I don’t know whether the small group I convened as Visiting Strategist ended up working or not. I ended up participating a little more than I had hoped – I wanted never to hold the whiteboard pen. But maybe to be a good participant-observer you have to participate just as much - not more, not less - as the others. And I think the group needed more time, more repetitions.

In particular I felt a psychic pressure in response to trying to maintain the group as un-led.

But it felt like we were getting somewhere.

I don’t think strategy can be outsourced, I think it has to emerge from a company’s nature. So when strategy evolves, there has to be organisational change. When an organisation looks outside itself (for answers that should be derived from strategy) that says to me that it’s not thinking straight, that the organisation isn’t put together quite right yet. An organisation has these informal components, and cross-team small group meetings feel like a good way to weave them in.

And the CEO seemed happy.


One of the double binds of selling anything - a product, consultancy - is that word of mouth only works when the value it provides is easy to talk about. You can’t just provide value, you have to provide noticeable, simple-to-point-at value.

No bad thing.




I’m not entirely sure where to take these experiments. I’m learning a lot from various coffee mornings, so I’ll carry on with those.

I had some conversations earlier in the year about whether it would be possible to act as a creative director, only via regular breakfast conversations, and helping the group self-direct. Dunno. Or maybe there’s a way to build a new division in a company. Maybe what I’m actually talking about is board meetings – I’ve been a trustee to Startup Weekend Europe for a couple of years, and the quarterly meetings are light touch. But they don’t have this small group aspect, it might be that they haven’t been as effective as they could be.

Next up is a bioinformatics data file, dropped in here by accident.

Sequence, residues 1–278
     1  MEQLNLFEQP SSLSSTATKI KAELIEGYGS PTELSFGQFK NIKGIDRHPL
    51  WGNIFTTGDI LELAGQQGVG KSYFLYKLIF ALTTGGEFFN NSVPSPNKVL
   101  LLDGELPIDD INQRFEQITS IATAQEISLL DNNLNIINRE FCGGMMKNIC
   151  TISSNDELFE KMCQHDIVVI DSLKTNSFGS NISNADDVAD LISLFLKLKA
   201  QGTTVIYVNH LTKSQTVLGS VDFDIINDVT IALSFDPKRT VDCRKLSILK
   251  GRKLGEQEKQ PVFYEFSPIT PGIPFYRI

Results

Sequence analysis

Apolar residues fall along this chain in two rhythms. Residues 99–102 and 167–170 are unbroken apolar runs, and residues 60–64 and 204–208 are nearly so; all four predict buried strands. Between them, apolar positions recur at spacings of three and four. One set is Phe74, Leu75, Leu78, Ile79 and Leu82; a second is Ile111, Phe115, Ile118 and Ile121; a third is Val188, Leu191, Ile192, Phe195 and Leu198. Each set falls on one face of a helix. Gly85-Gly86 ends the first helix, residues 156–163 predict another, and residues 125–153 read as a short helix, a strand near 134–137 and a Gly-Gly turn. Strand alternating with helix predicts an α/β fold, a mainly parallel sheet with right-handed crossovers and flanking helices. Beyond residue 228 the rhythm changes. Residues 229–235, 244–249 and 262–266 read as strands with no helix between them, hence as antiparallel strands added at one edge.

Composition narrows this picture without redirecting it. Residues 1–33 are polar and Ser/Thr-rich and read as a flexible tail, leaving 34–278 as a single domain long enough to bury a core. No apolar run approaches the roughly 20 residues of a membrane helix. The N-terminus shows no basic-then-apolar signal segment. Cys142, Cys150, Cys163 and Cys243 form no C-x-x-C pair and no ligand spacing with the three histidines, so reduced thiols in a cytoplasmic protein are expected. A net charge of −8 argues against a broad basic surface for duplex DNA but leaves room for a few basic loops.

There might be something with the street corners and serendipity pattern… When I was doing that three month gig with the government earlier this year, it felt like the people in the civil service - as a whole - had all the knowledge and skills to take advantage of Internet of Things technologies, to deliver services faster and better. But often the knowledge and opportunities weren’t meeting up. Maybe an in-person, regular space could help with that.

At a minimum, if I’m learning how to help companies and friends with startups in a useful way that doesn’t involve delivering more darn Powerpoint for the meat grinder: Job done.

But perhaps what’s happening is I’m teaching myself how to do something else entirely, and I haven’t figured out what that is yet.


Some art. Some software.


A write-only language is

a programming language with syntax (or semantics) sufficiently dense and bizarre that any routine of significant size is too difficult to understand by other programmers and cannot be safely edited. Likewise, write-only code is source code so arcane, complex, or ill-structured that it cannot be reliably modified or even comprehended by anyone with the possible exception of the author.

That’s three thousand words of a write-only blog post. Still, it’s all out of my head now. I’d like to use what I’m learning about small groups in some way. This should help me think about what to do.

Follow-up posts: